Winning research team unlocks immune system secret

A  research partnership between The University of Melbourne and Monash University  has won $80,000 to help continue groundbreaking work on how the immune system  identifies and fights disease. The research could assist the treatment of  inflammatory bowel disease,  peptic ulcers, tuberculosis and lead to better  vaccines. The successful team, led by Professors James McCluskey and Jamie Rossjohn, has won the GSK Award for  Research Excellence announced last night at the Research Australia Annual  Awards.

Professors  McCluskey and Rossjohn have uncovered insights into how the immune system  recognises pathogens (harmful germs) such as salmonella and tuberculosis. The  surprising discovery reveals how the making of Vitamin B2 by microbes could  lead to how our immune  system recognises these pathogens. This research could  be the starting point in better understanding our body’s first line of  defence.

Professor  James McCluskey explains that their recent breakthrough shows how the immune  system uses the building blocks in Vitamin B2 production to recognise bacteria.
"Bacteria,  not humans, manufacture vitamins, which is why we rely on our diet to provide  vitamins. We have learnt that the manufacture of vitamin B2 or riboflavin,  plays an extremely important and protective role in alerting the immune system  to foreign  bacteria," he said.

"This  work is but the tip of the iceberg in understanding the role of certain cells  in the immune system," McCluskey said.

"It’s  a great example of curiosity-led science and could lead to new ways of  diagnosing and treating inflammatory bowel disease, peptic ulcers and even  tuberculosis - it could also lead to novel protective vaccines."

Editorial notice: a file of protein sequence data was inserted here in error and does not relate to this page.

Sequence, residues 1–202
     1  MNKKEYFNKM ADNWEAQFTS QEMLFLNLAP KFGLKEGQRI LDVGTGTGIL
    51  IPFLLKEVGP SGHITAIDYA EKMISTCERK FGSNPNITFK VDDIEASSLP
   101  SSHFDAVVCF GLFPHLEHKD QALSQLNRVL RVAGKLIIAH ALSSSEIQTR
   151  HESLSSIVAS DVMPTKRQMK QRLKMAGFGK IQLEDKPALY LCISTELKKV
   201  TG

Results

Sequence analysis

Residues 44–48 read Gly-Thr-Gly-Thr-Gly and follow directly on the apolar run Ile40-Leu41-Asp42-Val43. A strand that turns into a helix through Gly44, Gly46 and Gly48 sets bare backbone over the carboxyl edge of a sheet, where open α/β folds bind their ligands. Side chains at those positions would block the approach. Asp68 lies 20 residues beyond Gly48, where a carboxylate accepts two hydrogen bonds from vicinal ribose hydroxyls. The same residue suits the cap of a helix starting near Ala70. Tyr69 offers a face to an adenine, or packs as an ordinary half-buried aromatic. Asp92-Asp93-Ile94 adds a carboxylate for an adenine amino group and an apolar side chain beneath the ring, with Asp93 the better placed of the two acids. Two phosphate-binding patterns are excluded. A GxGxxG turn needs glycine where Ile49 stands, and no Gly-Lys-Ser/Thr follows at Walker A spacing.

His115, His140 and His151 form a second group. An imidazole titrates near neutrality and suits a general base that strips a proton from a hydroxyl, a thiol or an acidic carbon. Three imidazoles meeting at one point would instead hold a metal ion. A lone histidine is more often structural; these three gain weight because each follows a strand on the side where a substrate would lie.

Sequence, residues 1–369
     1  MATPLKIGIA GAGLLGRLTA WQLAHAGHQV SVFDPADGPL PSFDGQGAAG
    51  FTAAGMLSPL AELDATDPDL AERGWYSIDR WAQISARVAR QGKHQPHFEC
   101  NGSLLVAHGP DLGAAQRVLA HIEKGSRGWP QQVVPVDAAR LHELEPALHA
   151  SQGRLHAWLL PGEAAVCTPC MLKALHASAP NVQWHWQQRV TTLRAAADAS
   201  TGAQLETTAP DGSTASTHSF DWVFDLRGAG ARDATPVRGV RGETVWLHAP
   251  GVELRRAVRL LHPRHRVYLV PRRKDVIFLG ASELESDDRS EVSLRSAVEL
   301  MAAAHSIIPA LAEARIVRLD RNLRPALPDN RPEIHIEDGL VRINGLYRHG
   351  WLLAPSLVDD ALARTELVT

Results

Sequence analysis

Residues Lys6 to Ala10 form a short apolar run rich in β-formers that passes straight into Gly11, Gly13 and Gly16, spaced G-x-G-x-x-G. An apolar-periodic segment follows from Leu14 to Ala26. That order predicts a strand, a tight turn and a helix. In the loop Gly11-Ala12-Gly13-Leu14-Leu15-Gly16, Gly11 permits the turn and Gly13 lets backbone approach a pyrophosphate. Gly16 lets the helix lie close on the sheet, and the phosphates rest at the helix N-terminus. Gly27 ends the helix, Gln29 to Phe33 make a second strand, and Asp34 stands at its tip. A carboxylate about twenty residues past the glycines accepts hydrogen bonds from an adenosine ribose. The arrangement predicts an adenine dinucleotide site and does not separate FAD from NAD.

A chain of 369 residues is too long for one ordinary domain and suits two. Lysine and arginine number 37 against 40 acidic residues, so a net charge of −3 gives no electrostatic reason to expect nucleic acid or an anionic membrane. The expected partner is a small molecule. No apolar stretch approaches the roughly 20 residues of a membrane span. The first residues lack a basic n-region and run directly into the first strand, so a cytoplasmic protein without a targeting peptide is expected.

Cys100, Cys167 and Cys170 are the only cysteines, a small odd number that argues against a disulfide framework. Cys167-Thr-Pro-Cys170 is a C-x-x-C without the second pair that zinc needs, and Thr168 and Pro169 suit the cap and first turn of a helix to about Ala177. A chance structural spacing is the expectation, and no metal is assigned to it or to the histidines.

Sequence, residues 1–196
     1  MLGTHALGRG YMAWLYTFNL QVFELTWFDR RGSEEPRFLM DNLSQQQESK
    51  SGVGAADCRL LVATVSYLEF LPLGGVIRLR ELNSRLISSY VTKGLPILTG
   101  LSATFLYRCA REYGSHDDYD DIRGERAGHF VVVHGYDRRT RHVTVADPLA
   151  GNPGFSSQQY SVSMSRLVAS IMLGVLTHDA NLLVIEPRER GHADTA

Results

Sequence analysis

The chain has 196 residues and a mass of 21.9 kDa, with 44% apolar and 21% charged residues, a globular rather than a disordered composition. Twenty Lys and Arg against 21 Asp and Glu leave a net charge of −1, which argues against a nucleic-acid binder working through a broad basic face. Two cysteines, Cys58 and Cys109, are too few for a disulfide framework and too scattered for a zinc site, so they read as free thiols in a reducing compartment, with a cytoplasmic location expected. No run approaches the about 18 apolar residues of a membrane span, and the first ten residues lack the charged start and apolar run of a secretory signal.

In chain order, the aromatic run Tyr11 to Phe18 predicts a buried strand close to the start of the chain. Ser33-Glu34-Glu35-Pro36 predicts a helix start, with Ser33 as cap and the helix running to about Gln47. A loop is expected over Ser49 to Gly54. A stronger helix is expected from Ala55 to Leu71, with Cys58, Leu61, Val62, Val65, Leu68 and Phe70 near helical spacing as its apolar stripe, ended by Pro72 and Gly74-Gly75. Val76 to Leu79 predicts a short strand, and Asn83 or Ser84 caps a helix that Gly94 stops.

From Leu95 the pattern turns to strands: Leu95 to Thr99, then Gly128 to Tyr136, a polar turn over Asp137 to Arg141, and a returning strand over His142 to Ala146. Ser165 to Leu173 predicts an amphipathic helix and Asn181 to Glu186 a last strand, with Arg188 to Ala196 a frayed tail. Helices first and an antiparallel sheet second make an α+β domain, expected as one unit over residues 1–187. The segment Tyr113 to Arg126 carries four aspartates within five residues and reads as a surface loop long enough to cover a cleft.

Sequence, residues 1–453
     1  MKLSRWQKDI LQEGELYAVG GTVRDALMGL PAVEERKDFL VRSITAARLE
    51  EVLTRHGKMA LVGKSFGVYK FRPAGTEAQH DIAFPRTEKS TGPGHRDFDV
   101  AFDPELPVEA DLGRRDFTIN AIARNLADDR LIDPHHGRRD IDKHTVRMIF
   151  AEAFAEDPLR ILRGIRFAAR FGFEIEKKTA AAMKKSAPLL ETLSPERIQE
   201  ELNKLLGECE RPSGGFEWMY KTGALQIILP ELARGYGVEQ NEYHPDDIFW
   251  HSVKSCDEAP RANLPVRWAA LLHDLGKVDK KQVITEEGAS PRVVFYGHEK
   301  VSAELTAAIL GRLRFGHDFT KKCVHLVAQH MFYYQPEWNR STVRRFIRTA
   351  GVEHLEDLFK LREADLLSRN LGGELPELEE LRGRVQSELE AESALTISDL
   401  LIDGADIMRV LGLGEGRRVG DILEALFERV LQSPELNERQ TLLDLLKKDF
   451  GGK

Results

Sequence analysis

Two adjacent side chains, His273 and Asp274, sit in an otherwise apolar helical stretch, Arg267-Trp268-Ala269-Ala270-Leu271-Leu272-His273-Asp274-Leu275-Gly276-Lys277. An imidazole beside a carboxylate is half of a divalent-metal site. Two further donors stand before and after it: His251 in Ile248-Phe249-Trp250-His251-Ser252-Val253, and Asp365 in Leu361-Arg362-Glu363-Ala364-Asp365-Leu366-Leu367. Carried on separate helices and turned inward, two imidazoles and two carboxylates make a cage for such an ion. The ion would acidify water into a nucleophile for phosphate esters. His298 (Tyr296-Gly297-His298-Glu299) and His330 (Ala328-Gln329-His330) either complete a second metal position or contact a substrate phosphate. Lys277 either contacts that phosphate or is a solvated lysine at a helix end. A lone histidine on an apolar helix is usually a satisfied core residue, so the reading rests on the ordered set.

Professor  Jamie Rossjohn says winning the GSK Award for Research Excellence will help  both teams nurture new talent in their laboratories and play an important role  in publicising their long-term work.

"Winning  the GSK Award for Research Excellence places our work in the public eye. It’s  early days, but the public can rest assured that our teams are working  extremely hard to see where this discovery will take us. The best fundamental  science will lead  to the best innovative therapeutics," he said.

Geoff  McDonald, GSK Australia Vice President and General Manager, says GSK is very  proud to be able to support local researchers with the Award, now in its 35th  year.

"It  is a great honour to be able to assist outstanding researchers with this  award," he said.

"Research  and development is all about inquisitiveness and innovation. Key new insights  like this along the path to discovery are of great importance and need to be  encouraged and supported."

The  GSK Award for Research Excellence was presented at the Research Australia  Annual Award, Park Hyatt, Melbourne.